Anyone who's passed the most cursory eye over daily headlines in recent months has no doubt drawn a similar conclusion. But like the powerful evangelist that he is, Sexton possesses the ability to draw on these headlines to drive his point home: "All of this business of violence in schools, there's only going to be more of it, not less of it. We have kids shooting kids in schools, and people don't even know what the problem is. We live in a Biblically illiterate society. People behave a certain way because they believe a certain way. When you turn the calendar back, deny creation, teach kids a philosophy of life that embodies atheistic evolution, you've not just taught them something academic, you've substituted atheistic evolution for God. So, they have no anchors, they're drifting. And when we deny the creator, then God says this kind of behavior is going to follow."

Played out to its ultimate worst-case conclusion, this rudderlessness in the ocean of life can lead only one direction. "Things are so out of control—does anyone have an answer? Will anyone step forward and lead us out of this morass? We are looking for leadership, and there is going to be someone who will step on the stage of human history and say, 'I will lead you out of this.' And the Bible says that person is the anti-Christ." (Insert your favorite passage from the soundtrack of The Omen here.)

The good news, for Christians at least, is that the rapture is nigh—the time in which, according to the Bible, God will take the Christians out of the world to spend eternity with him. "I believe we'll see the rapture in our lifetime—I'm convinced of it. It seems so obvious that there is a convergence of things that will lead to things we're going to find during the tribulation period. It seems like the tribulation period may just be a day away."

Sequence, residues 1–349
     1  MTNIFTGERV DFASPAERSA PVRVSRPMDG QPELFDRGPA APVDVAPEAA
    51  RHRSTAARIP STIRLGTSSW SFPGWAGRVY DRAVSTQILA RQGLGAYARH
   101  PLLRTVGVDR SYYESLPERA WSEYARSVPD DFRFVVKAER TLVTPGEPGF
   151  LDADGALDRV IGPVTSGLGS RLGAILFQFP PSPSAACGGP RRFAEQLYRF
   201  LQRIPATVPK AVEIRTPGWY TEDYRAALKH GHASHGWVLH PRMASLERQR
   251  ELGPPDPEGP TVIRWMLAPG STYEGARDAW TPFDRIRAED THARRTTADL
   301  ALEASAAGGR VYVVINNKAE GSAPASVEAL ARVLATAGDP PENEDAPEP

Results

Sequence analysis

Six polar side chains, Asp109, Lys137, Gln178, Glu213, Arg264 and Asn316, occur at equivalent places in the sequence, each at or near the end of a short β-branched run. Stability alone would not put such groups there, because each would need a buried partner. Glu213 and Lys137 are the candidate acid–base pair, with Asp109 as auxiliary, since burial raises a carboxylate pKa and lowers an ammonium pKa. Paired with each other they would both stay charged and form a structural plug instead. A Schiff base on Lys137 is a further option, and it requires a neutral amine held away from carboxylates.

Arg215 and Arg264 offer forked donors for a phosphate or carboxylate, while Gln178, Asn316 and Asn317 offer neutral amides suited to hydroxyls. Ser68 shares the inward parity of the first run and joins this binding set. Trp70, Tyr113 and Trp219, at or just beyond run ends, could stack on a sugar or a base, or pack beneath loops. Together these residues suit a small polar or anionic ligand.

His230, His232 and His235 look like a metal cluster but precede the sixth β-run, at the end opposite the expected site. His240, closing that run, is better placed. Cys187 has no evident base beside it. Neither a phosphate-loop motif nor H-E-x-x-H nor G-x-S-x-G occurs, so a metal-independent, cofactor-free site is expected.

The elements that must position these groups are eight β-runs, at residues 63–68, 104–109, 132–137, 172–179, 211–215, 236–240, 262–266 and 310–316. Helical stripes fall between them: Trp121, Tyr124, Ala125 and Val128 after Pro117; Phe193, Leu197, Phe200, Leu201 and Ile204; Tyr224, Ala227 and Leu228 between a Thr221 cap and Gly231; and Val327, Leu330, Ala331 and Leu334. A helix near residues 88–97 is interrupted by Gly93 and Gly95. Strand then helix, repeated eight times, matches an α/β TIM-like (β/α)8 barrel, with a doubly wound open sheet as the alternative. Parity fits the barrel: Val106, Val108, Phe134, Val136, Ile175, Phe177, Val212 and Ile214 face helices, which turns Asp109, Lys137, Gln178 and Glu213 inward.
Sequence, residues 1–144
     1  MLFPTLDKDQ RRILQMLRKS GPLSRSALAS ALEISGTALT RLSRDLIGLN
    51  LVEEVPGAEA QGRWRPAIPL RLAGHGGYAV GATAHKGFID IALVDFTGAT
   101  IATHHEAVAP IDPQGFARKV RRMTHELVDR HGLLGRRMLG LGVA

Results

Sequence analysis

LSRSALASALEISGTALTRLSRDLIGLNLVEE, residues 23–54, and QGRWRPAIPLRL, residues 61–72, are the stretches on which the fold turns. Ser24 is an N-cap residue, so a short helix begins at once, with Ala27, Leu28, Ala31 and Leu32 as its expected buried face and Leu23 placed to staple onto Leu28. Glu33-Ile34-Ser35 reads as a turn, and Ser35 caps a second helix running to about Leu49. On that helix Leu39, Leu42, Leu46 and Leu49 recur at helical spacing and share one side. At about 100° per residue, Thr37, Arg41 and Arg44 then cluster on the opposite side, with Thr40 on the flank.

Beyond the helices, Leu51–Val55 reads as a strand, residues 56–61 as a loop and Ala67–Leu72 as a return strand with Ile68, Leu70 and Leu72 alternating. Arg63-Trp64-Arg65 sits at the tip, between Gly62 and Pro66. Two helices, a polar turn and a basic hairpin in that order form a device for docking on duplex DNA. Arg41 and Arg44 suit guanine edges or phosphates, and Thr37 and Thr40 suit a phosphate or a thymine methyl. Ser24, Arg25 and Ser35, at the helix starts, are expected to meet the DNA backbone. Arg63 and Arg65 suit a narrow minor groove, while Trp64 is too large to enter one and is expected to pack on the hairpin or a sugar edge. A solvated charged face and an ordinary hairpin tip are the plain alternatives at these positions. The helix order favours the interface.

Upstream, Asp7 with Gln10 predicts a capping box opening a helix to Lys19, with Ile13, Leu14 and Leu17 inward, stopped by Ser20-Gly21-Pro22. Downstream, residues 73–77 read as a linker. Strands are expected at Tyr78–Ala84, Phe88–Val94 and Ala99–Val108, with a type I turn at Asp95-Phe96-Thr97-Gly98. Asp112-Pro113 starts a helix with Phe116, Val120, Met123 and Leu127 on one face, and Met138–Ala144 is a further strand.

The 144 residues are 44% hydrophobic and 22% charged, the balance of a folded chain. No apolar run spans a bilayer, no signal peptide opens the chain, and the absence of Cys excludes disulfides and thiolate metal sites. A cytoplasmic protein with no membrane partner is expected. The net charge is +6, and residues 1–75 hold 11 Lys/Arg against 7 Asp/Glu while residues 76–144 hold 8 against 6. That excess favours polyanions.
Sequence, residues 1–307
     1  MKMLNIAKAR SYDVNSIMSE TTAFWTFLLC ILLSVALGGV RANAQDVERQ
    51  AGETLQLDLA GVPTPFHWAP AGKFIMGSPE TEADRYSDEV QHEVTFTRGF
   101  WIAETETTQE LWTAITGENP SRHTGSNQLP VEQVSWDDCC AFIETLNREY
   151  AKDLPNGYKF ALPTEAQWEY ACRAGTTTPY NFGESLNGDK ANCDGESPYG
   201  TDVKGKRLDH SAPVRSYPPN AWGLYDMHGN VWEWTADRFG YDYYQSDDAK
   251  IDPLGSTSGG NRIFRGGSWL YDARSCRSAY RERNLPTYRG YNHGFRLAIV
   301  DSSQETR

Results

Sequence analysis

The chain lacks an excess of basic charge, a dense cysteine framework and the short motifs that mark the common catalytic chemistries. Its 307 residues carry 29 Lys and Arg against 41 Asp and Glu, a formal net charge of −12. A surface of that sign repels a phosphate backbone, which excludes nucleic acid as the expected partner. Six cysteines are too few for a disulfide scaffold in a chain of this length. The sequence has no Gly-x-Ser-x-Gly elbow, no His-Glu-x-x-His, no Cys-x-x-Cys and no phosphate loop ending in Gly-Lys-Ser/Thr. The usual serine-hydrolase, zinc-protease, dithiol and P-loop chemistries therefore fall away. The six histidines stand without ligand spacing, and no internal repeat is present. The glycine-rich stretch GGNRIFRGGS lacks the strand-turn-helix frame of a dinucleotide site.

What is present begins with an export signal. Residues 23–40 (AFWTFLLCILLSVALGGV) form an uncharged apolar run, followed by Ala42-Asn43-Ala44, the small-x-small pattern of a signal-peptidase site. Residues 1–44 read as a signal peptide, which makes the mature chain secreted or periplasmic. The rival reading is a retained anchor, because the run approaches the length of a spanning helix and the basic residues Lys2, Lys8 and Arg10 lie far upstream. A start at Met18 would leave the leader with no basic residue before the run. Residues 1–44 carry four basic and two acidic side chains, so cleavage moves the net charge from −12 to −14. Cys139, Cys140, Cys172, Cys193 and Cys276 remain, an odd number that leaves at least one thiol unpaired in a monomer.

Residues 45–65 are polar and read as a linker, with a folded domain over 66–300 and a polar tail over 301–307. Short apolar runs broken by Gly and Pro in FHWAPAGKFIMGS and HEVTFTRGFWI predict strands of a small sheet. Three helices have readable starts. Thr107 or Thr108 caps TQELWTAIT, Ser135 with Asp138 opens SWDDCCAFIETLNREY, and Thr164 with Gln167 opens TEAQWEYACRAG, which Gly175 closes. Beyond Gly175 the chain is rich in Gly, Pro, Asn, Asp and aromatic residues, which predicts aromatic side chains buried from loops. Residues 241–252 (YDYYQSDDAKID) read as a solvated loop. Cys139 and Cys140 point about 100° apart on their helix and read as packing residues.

Like Lambert, Sexton sees the impending Y2K problem as an opportunity. "I think the computer only calls attention to the crisis of the human heart. When we look deeply at this crisis, it's more than two digits that weren't put into a computer. We're imploding as a nation and as a world. It's caving inward. The streets aren't safe, aren't you afraid? Aren't you afraid of a dark parking lot? When you go into a restroom, haven't you changed the way you wash your hands? Don't you use a paper towel to open the door? And the whole world is that way. We're imploding—something is happening to us as a society, and I think the computer glitch just calls attention to it.

"We try to speak to the vacuum that's in the human heart with the gospel. We're convinced that the gospel is the only thing that fills it. Now is a time for bold faith. We should be outspoken for Christ—find a box, stand on it, and tell people: Jesus Christ is the hope of the world."

As such, he's stepped up the already impressive roster of evangelistic activities at Temple Baptist. Already, the church reaches out to every county in the country with its paper, The Baptist Vision, which is distributed to 12,500 independent Baptist churches around the nation (one among his 120 full-time employees does nothing but work on developing the mailing list, he explains). He's divided Knox County into a 200-block grid, and sent his parishioners forth to evangelize each of those areas. He's not trying to cram religion down anyone's throat, he explains, but expose people to the gospel so that they might make the decision to be saved. In the end, remember, God helps those who help themselves.

"In this crisis—it has to be localized to the individual," he concludes. "How does the widow deal with the power shortage, or boiling water, or needing food? This can bring families and communities together. It can bring a benevolent spirit about in people that we've lost because we're so self-centered. We need one another. If this calls attention to that then some good can come out of it—maybe a lot of good. We try to help one person at a time."